Whoever thought of the idea of forming “death squads” to go after the Communists one-by-one must have watched the Steven Spielberg movie “Munich” (where a small group of assassins was hired by Israeli Prime Minister Golda Meir to exact revenge on the plotters of the Munich Olympic Massacre) and concluded that the Israeli method could be applied effectively here. And the strategy seems to be working – Leftist leaders seem at a loss on how to effectively “address” this new “initiative” by still-unidentified groups.

The “silent extermination campaign” of selected communist cadres is the Filipino version of a “surgical strike.” Killing off Leftist leaders individually is a cheaper and most cost-effective way of neutralizing enemies of the state. Cheap because you only need to fund a small band of well-trained, highly-motivated operatives to track down and eliminate the rebels. Cost-effective because it does not entail large-scale troop deployments and conventional warfare-type of operations. Assassinating communists one by one is also an efficient way of minimizing “collateral damage.” Batallion-sized operations often result in hundreds of innocent civilians getting caught in the crossfire. During the CHICKS Offensive for example, thousands of Negrenses were uprooted from their homes and many died of diseases in the temporary refugee camps set up by the AFP. These are the conditions that are being exploited by the Communists to recruit more members to their cause.

The NPA rebels and the mainstream Left have long used to their own advantage the “democratic cover” of the very institution it seeks to abolish. I remember reading a newspaper columnist once explaining that technically, only government troops and police officers can be charged with human rights violations and not the NPA. It is so, he argued, because our military and police officials have sworn an oath to uphold the law and respect human rights while the NPAs operate outside the ambit of law and therefore cannot be made to answer for something they did not swear to. So, while the NPA is free to use all means (including landmines) to defeat the military, the military is hampered and constrained to observe certain rules of warfare and procedures in pursuing its anti-insurgency campaign.

As a neutral observer, I find it quite amusing to see the CPP/NPA receiving a dose of its own medicine. The guerillas are being defeated in their own game of guerilla warfare. The CPP/NPA committed a big tactical error in withdrawing from the Peace Talks and their ground commanders are all running for cover. I wonder what will happen now to Joma’s long-term strategy of “waiting out” democracy? With the way things are going, his Communist movement might not survive long enough to see that day.

Going back to my two life-changing childhood experiences in Negros, I learned early on that bearing arms against the government is not the solution to solving our country’s problems. While I questioned and condemned the existence of a government that allowed its children to starve, I saw that there are far more effective ways of solving our problems than armed rebellion. Eventually, the problem of the malnourished children was solved not by the NPA but by community spirit, “pagkakaisa” and “damayan.” In the aftermath of the global media exposure of the “Batang Negros,” international and local aid poured in and the children were saved. Local hacienderos were shamed into treating and paying their workers better. Even Filipino folk singer Freddie Aguilar chipped in by raising awareness to the plight of the malnourished children thru his song “Sagipin Natin ang mga Bata sa Negros.” The “Batang Negros” episode clearly demonstrated that if we all worked together, we will be able to solve our problems. It is a shame, however, how Filipinos tend to wait until the problem becomes acute and unmanageable before he can be moved into action.

6 comments:

Jay Javines said...

Hi Ollie.

I was a 2nd year Highschooler then at Don Bosco-Victorias when our town was raided by NPA.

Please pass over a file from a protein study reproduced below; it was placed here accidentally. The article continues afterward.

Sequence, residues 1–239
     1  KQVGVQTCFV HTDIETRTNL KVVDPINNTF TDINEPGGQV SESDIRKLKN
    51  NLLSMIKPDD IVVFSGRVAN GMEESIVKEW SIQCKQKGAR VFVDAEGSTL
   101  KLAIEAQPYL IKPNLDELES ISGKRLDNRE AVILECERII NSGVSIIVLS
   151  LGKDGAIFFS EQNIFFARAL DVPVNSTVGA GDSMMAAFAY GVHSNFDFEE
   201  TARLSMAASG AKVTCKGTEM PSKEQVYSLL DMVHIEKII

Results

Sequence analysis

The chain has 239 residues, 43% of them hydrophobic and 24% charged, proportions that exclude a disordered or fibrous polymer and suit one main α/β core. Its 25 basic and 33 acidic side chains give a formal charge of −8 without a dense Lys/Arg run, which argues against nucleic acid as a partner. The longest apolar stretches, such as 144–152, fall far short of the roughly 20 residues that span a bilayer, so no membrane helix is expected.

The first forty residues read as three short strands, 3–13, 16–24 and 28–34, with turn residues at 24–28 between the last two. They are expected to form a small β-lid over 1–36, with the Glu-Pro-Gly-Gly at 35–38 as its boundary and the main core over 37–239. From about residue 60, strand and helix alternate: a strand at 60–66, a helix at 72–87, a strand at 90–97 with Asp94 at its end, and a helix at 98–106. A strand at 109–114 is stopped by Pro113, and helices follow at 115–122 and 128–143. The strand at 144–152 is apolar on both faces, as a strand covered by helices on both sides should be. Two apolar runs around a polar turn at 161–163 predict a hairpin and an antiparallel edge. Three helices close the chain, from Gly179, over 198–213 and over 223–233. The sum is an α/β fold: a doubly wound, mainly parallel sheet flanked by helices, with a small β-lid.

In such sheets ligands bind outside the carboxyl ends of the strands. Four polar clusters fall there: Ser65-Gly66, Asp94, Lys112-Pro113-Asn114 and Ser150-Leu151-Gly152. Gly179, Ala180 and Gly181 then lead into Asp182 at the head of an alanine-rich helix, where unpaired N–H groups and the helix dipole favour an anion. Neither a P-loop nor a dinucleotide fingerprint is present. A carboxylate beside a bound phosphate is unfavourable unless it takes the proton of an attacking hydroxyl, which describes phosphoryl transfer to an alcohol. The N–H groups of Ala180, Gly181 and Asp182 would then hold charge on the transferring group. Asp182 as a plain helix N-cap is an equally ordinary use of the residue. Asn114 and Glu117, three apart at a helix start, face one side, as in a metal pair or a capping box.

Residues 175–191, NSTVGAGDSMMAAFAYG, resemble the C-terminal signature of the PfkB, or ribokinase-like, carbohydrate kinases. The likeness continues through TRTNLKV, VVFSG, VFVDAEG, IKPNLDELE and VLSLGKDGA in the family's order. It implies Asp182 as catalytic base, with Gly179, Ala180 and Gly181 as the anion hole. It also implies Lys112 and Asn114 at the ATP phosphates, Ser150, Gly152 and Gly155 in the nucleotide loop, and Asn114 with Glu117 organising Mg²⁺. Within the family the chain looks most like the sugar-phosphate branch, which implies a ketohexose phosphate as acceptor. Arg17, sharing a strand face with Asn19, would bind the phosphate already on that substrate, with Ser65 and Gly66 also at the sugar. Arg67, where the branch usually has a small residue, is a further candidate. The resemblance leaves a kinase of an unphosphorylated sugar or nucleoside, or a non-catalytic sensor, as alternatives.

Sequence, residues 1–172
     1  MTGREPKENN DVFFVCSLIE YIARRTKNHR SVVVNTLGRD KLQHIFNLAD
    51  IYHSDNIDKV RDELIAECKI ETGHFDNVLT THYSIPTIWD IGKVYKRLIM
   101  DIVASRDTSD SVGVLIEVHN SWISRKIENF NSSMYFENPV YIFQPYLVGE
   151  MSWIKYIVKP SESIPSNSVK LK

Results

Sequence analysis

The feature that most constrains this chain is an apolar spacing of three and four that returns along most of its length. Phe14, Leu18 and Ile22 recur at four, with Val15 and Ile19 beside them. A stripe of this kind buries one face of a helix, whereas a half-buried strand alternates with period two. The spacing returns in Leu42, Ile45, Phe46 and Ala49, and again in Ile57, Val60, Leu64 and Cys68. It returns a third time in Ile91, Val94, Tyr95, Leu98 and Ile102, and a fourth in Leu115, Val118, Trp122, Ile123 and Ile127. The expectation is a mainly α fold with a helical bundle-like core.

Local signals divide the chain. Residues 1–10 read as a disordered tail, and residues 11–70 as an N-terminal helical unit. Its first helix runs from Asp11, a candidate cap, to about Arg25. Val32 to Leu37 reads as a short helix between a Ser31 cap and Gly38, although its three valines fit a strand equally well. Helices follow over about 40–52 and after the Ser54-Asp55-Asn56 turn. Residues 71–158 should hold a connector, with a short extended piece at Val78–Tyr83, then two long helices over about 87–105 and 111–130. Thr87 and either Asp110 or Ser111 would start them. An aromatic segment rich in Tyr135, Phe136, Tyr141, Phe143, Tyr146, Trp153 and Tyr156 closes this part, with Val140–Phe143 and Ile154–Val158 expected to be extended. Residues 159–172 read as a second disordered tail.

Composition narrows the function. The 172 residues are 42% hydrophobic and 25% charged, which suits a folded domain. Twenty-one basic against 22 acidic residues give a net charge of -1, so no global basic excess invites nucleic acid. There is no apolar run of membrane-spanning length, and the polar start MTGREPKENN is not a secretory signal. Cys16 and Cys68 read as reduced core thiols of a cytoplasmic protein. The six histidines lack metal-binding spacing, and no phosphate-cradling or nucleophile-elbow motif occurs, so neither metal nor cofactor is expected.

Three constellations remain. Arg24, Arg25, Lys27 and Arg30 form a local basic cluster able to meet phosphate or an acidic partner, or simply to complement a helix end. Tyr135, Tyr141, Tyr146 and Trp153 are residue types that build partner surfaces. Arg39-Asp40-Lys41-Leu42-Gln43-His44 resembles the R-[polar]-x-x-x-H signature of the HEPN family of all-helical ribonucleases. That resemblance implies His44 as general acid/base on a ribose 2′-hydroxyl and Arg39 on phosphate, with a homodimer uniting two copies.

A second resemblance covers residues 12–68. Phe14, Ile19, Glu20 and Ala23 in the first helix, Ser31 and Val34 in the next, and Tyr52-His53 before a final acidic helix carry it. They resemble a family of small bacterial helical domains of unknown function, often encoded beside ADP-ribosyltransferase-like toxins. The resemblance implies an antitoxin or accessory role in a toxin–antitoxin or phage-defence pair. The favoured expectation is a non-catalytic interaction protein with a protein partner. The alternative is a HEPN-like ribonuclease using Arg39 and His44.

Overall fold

Wala ko ya gani kabalo nga ang mga nilupok gali halin sa engkwentro coz we thought it was just the firecrackers exploding.

Funny coz before the supposedly engkwentro that night, there was already rumors that a raid may happen anytime of the week.

I laso do remember that on that fateful day, nearing the 6pm angelus, I saw a 6x6 truck, fully loaded by armed men on its way to the town proper.

I thought, we thought, amo na to ang reinforcement...yun pala, as we learned later, mga NPA's gali.

Dominique said...

Hi, Oliver. Like you, I also had my own similar experience. I was 8 years old when we heard a violent knock at our door, demanding that my parents come out. Before long, three men were pointing long rifles at my father. But the difference in our stories is that the people holding threatening to shoot my Dad were not NPA but drunken soldiers from the Philippine Army. That's martial law in Davao for you.

So what do you think would have happened if they shot my Dad that night? If it had happened today, the answer would be simple: brand him a communist sympathizer. End of story.

No easy answers, my friend.

Iloilo City Boy said...

Grabe. So were the soldiers punished? What happened after?

vic said...

Your mentioning of the security you had because of the "womb-to-tomb" health policy of the company where your parents work, just remind me why the country is in such social turmoil. That the inequity among the different segments of society must have contributed to the attraction of a lot of desperate people to join the insurgency, even without the probality of a clear victory just to survive. Risking their lives just to survie. I was there during the early years of Martial Law. I was debating to myself eithere to become a commisioned officer of the Armed Forces or Join the Insurgency. My father had something different in his mind. And here I am posting from "The True North Strong and Free". thanks..

Iloilo City Boy said...

That's quite an extreme set of choices Vic, to be a rebel or a soldier. If your family did not migrate, what do you think would have been your choice?

vic said...

My answer to that would be that I may had gone the way of my youngest twins sisters who to the end (until one by one they both decided that the USA is the best place for the future, actually the other one with her husbsnd and three teenagers just moved dec 05)were the true "activists", but I would be the one the "real" soldiers might be hunting down. On the other hand I might be tempted by the offer of the Family "Alger" whom I believe you might have heard and their positions during the Martial law being the graduates of PMA. visit www.alimodian.net and you'll find out that we are a family. And the "money" during the Marcos era. glad things turn out the "wrong" way.